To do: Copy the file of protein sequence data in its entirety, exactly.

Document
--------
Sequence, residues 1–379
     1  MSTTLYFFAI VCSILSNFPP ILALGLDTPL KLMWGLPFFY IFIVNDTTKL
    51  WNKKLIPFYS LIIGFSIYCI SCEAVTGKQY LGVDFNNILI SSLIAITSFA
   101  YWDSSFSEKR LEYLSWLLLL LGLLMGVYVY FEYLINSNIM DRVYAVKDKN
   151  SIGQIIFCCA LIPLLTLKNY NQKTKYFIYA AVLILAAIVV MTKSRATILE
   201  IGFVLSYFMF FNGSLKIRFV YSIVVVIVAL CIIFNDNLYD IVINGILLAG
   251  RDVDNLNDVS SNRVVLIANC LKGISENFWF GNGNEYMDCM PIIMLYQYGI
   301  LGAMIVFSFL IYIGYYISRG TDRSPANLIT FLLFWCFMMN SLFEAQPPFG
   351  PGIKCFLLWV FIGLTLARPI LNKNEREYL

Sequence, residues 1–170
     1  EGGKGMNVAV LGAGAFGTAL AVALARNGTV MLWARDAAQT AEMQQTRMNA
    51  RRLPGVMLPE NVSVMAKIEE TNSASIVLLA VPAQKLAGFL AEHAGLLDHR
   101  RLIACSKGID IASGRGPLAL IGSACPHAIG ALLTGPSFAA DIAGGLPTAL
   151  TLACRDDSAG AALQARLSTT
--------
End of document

Sequence, residues 1–379
     1  MSTTLYFFAI VCSILSNFPP ILALGLDTPL KLMWGLPFFY IFIVNDTTKL
    51  WNKKLIPFYS LIIGFSIYCI SCEAVTGKQY LGVDFNNILI SSLIAITSFA
   101  YWDSSFSEKR LEYLSWLLLL LGLLMGVYVY FEYLINSNIM DRVYAVKDKN
   151  SIGQIIFCCA LIPLLTLKNY NQKTKYFIYA AVLILAAIVV MTKSRATILE
   201  IGFVLSYFMF FNGSLKIRFV YSIVVVIVAL CIIFNDNLYD IVINGILLAG
   251  RDVDNLNDVS SNRVVLIANC LKGISENFWF GNGNEYMDCM PIIMLYQYGI
   301  LGAMIVFSFL IYIGYYISRG TDRSPANLIT FLLFWCFMMN SLFEAQPPFG
   351  PGIKCFLLWV FIGLTLARPI LNKNEREYL

Sequence, residues 1–170
     1  EGGKGMNVAV LGAGAFGTAL AVALARNGTV MLWARDAAQT AEMQQTRMNA
    51  RRLPGVMLPE NVSVMAKIEE TNSASIVLLA VPAQKLAGFL AEHAGLLDHR
   101  RLIACSKGID IASGRGPLAL IGSACPHAIG ALLTGPSFAA DIAGGLPTAL
   151  TLACRDDSAG AALQARLSTT